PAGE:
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Fast Focus: SQL Server Graph Database & Processing


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Short presentation on the graph database and processing support in SQL Server 2017 (plus new stuff in 2019) as presented at Live 360! SQL Live

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Fast Focus: SQL Server Graph Database & Processing

  1. 1. Graph DB Support in SQL Server Karen Lopez Data Evangelist, InfoAdvisors Level: Intermediate
  2. 2. Karen López Karen has 20+ years of data an data architecture experience on large, multi-project programs. She is a frequent speaker on data modeling, data-driven methodologies and pattern data models. She wants you to love your data. 2
  3. 3. Clarifying terminology Graphs Graph Databases Graph Processing 3
  4. 4. Concepts Row Store Query Language relationships Write-Optimized Data Stories Index Nodes Tables Recursive Properties & tags matches Permissions Edges 4
  5. 5. Graph Nodes Node Node Node Node Node Node Node Node NodeNode Node 5
  6. 6. Directed / Undirected Node Node NodeNode Node Node Node NodeNode Node 6
  7. 7. What is this structure? 7
  8. 8. 8 Data Model – Hierarchy Recursive
  9. 9. 9 Data Model – Hierarchy Recursive
  10. 10. Recursive Relationships 10
  11. 11. 11
  12. 12. Graph Databases PHYSICAL ARCHITECTURE 12
  13. 13. Examples of Database Data Architectures Hybrid Model SQL Server OrientDB TripleStores Allegrograph Blazegraph Graph model Neo4J 13
  14. 14. 14 Common Themes Graph Theory Relationships Nodes & Edges Aggregations Distances Labels & Properties Low Cost “Joins” Limitations
  15. 15. Why use Graph over Relational Structures LET’S DISCUSS 15
  16. 16. Graph In SQL Server 16
  17. 17. Gremlin 17
  19. 19. Creating Nodes and Edges 19
  20. 20. 20 CREATETABLE Person (ID INTEGER PRIMARY KEY, NameVARCHAR(100), Age INT) AS NODE; CREATETABLE friends (StartDate date) AS EDGE;
  21. 21. 21 -- Find friends of John SELECT Person2.Name FROM Person Person1, Friends, Person Person2 WHERE MATCH(Person1-(Friends)->Person2) AND Person1.Name = 'John';
  22. 22. Match Function • A new MATCH function is required to support graph style pattern matching • For example, suppose in the graph example above, we want to find all my friends who like a given restaurant. • This can be done using the MATCH function and graph_search_pattern, which make use of ASCII art style arrows (-->) • Match is only inWHERE clause currently • Example: People who like a restaurant 22
  23. 23. Graph Searching Pattern matching will be supported using ASCII art style arrows (-->) The syntax for graph search pattern provided as input to MATCH function would be as follows 23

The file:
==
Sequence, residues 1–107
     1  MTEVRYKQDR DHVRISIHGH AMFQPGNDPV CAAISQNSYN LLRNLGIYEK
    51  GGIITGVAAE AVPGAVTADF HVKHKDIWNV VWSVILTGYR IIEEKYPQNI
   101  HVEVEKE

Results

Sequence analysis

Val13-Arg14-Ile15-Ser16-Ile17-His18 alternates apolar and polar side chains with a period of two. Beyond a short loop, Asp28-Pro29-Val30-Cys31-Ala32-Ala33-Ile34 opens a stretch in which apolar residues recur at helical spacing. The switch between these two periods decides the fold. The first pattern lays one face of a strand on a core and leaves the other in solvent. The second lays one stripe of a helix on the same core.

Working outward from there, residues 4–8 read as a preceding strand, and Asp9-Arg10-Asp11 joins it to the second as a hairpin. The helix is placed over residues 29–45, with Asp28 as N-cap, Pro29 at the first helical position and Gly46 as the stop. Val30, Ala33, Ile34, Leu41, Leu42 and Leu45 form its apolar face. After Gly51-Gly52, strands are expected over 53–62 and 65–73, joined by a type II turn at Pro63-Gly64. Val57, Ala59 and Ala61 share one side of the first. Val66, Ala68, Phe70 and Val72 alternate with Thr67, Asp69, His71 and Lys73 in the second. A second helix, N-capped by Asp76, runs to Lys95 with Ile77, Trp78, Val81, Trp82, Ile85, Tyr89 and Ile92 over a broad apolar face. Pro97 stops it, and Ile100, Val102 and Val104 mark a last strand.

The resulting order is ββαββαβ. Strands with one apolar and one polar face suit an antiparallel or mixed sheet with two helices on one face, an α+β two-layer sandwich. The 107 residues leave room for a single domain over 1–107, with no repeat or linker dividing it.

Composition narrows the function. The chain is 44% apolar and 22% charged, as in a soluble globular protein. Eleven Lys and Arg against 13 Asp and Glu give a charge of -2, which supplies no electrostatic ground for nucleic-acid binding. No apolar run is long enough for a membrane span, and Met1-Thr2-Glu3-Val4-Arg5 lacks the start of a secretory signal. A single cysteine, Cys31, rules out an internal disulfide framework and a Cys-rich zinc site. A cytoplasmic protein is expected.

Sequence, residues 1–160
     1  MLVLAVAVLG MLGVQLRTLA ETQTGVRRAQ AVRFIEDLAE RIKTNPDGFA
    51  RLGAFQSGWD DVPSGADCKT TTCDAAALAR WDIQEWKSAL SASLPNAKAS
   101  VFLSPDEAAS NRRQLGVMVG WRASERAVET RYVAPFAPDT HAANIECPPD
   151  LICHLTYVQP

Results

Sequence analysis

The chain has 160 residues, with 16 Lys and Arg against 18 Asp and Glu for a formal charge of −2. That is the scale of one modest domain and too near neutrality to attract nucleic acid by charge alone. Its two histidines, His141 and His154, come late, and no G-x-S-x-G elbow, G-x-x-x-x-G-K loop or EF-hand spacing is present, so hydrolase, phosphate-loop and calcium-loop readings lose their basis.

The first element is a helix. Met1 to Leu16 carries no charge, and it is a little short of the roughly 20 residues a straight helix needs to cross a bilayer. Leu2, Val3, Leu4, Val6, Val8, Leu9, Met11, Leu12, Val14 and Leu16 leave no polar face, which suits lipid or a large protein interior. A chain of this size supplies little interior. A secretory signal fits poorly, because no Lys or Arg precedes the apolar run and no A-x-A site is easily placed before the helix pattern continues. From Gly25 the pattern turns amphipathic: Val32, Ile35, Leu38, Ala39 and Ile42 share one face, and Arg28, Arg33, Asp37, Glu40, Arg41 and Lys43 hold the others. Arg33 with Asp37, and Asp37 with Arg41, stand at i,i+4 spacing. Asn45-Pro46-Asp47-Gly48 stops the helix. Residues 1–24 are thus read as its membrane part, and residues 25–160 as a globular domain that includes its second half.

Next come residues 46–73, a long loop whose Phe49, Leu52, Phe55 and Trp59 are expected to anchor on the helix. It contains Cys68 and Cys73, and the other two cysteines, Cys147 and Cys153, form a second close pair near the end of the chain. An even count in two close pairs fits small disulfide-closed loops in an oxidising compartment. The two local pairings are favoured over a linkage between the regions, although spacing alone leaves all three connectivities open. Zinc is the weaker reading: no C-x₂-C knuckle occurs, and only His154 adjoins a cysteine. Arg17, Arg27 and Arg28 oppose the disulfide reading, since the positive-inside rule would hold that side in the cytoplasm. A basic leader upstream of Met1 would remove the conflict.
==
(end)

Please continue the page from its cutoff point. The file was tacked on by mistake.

24. 24. 24 Limitations Local or global temporary tables cannot be node or edge tables. Table types and table variables cannot be declared as a node or edge table. Node and edge tables cannot be created as system- versioned temporal tables. Node and edge tables cannot be memory optimized tables. Users cannot update the $from_id and $to_id columns of an edge using UPDATE statement. Cross database queries on graph objects are not supported.
  25. 25. 25
  26. 26. What’s coming in SQL Server 2019* •Use of derived table or view aliases in graph match queries •MERGE (upsert) •Edge Constraints • Existence checking • Direction of edge integrity 26
  27. 27. Use Cases …IF WE HAVE TIME… 27
  28. 28. Social Media Collaboration and sharing Friend of friend recommendations Discover Unique relationships Challenges • Dynamic networks can be challenging • Dense connections • Complex queries 28
  29. 29. Infrastructure Impact analysis and network planning Root-cause analysis IT infrastructure management Challenges • Highly interrelated elements • Non-linear and non-hierarchial relationships • Growing physical and virtual nodes 29
  30. 30. Fraud Detection & Forensics Detecting and Stopping Fraud Data scrutiny with data relationship analysis Challenges • Complex Data Relationships • Needs great real-time performance • Evolving and dynamic targets 30
  31. 31. Free Graph Database ebook 31
  32. 32. Your Master Data is a Graph: AreYou Ready
  33. 33. 10Tips for Data Pros 1. Understand the use cases for graph technologies 2. Evaluate/profile your data requirements for suitability for graph databases and/or graph processing 3. Understand the licensing/editions for commercial database features/products 4. ACID support varies across products.You’ll want to test your use cases. 5. Your query data stories will guide your decisions 33
  34. 34. 10+Tips for Architects 6. Test your current development tools for support 7. Test your database design/data modeling tools 8. Leverage your existing metadata/models 9. True hierarchies areVERY RARE in the real world. 10.Know the questions you have to ask about all the exceptions 11.Keep asking those questions and don’t stop at “but that’s an exception” 34
  35. 35. Karen López 35